Opened 19 months ago

Closed 18 months ago

Last modified 12 months ago

#959 closed enhancement (fixed)

Permit post before acking settings

Reported by: swankjesse@… Owned by: Valentin Bartenev <vbart@…>
Priority: minor Milestone:
Component: nginx-core Version: 1.9.x
Keywords: Cc:
Sensitive: no
uname -a: Darwin jwilson.local 15.4.0 Darwin Kernel Version 15.4.0: Fri Feb 26 22:08:05 PST 2016;
nginx -V: 1.9.15

Description

This report is motivated by a discussion on the HTTP-WG mailing list.
https://lists.w3.org/Archives/Public/ietf-http-wg/2016AprJun/0174.html

In OkHttp? we’re investigating a bug where nginx v1.9.15 sends us
REFUSED_STREAM when we send our HEADERS and DATA frames before acking the
server’s SETTINGS.
https://github.com/square/okhttp/issues/2506

The spec says not waiting is okay:

To avoid unnecessary latency, clients are permitted to send additional
frames to the server immediately after sending the client connection
preface, without waiting to receive the server connection preface. It is
important to note, however, that the server connection preface SETTINGS
frame might include parameters that necessarily alter how a client is
expected to communicate with the server. Upon receiving the SETTINGS frame,
the client is expected to honor any parameters established.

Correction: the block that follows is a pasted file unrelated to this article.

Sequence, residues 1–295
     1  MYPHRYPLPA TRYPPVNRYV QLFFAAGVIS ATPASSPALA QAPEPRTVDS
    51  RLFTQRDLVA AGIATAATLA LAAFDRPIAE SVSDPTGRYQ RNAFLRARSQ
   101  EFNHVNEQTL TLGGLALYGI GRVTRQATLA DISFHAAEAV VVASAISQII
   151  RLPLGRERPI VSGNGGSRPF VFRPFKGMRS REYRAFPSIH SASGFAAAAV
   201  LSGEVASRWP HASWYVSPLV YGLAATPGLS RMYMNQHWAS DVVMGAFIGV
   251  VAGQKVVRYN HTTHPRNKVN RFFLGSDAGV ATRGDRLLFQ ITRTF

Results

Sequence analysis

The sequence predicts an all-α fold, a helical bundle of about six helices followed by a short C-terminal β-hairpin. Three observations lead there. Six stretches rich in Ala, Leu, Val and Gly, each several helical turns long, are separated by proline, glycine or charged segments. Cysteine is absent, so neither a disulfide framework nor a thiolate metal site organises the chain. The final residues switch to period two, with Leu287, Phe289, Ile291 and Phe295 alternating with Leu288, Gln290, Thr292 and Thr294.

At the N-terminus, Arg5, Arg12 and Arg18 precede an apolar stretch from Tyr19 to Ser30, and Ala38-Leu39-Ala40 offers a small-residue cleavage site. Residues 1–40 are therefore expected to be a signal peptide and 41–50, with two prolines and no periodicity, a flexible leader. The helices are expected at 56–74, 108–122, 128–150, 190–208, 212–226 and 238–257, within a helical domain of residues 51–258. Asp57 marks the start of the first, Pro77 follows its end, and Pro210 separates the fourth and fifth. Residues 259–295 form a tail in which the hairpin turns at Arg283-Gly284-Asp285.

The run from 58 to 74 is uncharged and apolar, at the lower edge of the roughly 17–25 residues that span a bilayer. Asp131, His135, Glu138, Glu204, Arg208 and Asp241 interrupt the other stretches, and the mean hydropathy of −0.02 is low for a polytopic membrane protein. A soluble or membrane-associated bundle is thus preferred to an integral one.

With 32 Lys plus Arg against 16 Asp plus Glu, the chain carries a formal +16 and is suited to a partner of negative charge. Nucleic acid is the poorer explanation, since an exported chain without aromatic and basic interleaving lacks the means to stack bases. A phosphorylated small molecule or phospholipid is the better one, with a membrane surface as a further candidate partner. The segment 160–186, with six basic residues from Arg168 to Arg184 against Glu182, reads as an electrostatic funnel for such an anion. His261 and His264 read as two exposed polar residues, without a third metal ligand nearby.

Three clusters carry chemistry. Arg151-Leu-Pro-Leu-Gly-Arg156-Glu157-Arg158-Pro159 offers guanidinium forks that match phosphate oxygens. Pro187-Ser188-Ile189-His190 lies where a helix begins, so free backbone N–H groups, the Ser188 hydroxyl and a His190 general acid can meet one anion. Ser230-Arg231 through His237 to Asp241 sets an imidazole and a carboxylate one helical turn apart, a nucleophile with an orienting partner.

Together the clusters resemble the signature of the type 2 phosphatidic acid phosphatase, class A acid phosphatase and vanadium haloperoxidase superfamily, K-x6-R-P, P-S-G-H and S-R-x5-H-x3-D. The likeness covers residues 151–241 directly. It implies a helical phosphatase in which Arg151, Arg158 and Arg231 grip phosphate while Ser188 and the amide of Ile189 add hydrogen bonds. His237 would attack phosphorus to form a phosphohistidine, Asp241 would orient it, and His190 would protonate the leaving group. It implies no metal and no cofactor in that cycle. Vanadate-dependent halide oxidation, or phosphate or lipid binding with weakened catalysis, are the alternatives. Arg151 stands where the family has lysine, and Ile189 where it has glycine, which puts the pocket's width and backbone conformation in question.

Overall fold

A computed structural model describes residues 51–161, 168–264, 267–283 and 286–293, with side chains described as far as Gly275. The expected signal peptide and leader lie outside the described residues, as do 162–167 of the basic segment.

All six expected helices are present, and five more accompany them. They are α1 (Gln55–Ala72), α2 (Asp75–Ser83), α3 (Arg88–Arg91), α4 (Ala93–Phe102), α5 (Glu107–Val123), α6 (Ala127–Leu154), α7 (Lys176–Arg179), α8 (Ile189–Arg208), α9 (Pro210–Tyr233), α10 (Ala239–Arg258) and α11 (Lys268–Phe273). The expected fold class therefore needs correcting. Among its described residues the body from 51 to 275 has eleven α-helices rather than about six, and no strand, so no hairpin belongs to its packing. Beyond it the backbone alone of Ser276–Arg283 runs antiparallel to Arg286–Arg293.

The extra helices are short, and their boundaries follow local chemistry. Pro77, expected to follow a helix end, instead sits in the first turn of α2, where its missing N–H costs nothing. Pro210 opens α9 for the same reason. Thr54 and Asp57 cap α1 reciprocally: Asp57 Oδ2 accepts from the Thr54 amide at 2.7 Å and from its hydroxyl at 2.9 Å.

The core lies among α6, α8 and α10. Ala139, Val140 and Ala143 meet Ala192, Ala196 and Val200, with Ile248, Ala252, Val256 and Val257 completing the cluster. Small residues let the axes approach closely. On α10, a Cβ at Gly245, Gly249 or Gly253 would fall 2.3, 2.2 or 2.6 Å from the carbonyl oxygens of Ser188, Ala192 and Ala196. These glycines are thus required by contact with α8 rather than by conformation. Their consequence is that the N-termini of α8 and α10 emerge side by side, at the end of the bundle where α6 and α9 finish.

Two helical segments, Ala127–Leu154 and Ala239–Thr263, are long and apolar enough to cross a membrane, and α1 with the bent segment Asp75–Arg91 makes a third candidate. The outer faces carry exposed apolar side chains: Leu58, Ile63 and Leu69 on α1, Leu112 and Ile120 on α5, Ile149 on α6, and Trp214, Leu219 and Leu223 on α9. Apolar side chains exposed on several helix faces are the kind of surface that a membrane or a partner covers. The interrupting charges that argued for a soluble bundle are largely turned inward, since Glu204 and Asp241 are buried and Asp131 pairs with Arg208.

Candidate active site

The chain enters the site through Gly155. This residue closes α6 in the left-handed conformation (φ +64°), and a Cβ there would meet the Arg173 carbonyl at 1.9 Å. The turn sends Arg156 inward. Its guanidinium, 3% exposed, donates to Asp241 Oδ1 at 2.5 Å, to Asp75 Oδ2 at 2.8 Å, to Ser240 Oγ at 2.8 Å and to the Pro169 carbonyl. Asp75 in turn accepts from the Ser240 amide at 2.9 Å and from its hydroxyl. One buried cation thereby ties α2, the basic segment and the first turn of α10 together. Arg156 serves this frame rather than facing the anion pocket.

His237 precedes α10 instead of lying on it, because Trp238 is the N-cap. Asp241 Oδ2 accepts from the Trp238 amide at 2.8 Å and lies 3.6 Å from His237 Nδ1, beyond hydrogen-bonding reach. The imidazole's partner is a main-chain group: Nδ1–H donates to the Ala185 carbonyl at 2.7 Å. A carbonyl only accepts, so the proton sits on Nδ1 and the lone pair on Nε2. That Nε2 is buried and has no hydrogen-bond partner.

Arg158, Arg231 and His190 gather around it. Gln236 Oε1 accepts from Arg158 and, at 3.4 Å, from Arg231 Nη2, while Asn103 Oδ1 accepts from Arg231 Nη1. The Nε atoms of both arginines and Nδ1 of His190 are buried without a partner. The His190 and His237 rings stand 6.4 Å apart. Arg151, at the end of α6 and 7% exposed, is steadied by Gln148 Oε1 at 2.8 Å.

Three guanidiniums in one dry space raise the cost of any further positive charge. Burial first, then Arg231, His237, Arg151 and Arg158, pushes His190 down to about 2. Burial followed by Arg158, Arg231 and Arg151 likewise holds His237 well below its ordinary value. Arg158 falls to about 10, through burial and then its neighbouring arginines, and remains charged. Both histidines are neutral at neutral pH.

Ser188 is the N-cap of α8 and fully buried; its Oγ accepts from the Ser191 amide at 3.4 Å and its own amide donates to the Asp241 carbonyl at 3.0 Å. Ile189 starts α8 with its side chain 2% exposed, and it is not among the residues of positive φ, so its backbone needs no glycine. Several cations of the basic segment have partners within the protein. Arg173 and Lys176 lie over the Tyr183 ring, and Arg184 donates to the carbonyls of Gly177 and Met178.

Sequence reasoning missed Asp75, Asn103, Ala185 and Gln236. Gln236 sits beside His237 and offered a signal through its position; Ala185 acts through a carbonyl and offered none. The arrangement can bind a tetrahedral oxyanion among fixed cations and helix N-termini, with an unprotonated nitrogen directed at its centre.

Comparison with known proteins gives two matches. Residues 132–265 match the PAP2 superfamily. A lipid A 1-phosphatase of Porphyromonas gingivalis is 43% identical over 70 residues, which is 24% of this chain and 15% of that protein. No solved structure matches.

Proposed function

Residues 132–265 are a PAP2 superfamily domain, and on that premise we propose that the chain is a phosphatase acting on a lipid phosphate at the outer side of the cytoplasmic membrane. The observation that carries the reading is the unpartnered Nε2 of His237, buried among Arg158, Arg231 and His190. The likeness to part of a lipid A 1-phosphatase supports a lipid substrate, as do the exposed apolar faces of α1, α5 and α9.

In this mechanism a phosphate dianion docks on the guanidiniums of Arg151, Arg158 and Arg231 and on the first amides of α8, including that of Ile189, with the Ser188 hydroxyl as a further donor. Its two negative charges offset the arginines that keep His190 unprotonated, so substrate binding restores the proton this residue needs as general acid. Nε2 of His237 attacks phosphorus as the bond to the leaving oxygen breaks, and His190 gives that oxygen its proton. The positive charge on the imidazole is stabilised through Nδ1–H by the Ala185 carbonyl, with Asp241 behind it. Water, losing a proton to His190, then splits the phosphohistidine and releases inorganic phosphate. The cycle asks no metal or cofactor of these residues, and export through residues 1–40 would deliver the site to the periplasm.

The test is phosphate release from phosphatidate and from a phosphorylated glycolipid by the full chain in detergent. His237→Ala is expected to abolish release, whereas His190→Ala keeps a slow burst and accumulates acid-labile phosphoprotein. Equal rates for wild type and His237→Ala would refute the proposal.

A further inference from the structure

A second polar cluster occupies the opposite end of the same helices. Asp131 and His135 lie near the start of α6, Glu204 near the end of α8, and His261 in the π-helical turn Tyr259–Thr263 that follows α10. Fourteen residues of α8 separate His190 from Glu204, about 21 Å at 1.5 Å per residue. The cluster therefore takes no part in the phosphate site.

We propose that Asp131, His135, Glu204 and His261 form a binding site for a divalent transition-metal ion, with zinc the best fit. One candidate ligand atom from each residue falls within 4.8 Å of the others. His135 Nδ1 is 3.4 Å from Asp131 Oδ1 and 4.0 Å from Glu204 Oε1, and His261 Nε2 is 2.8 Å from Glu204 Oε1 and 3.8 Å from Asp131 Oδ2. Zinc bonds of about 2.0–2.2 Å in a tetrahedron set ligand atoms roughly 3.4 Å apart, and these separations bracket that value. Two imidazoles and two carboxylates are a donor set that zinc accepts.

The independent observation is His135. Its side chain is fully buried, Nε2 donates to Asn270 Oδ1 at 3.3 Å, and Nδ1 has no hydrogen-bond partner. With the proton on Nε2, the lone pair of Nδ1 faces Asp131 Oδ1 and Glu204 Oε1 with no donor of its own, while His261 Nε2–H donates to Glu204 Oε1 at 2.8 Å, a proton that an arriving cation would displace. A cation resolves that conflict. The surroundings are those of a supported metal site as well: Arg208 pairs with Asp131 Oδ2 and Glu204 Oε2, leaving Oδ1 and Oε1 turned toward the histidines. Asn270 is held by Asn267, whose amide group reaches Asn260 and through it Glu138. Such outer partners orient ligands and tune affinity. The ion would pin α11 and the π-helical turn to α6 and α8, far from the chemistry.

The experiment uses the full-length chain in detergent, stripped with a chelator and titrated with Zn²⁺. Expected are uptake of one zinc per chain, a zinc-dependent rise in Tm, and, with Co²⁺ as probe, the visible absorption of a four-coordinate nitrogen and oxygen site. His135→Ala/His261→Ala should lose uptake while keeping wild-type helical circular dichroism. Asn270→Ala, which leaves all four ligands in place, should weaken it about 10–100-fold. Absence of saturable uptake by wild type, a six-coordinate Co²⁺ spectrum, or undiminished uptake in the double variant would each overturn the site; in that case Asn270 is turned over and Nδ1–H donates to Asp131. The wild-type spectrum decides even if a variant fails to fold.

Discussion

Not acking settings should not be the basis for refusing streams. This may
add significant latency to the initial HTTP request.

Please change nginx to accept streams created prior to the SETTINGS ack.

Attachments (1)

preread_buffer.patch (13.6 KB) - added by vbart 18 months ago.

Download all attachments as: .zip

Change History (28)

comment:1 Changed 19 months ago by vbart

First of all, nginx doesn't reject streams prior receiving SETTINGS ack, but it rejects them without END_STREAM flag (i.e. with following DATA). This allows for a client to repeat its request without violating flow control.

Until the client has received the SETTINGS frame, it has a wrong idea about initial window size, that nginx has to change to zero.

The request body cannot be read and processed by nginx until some module asks for it. To prevent the client from sending the request body that hasn't been asked yet, the stream's window is kept zero.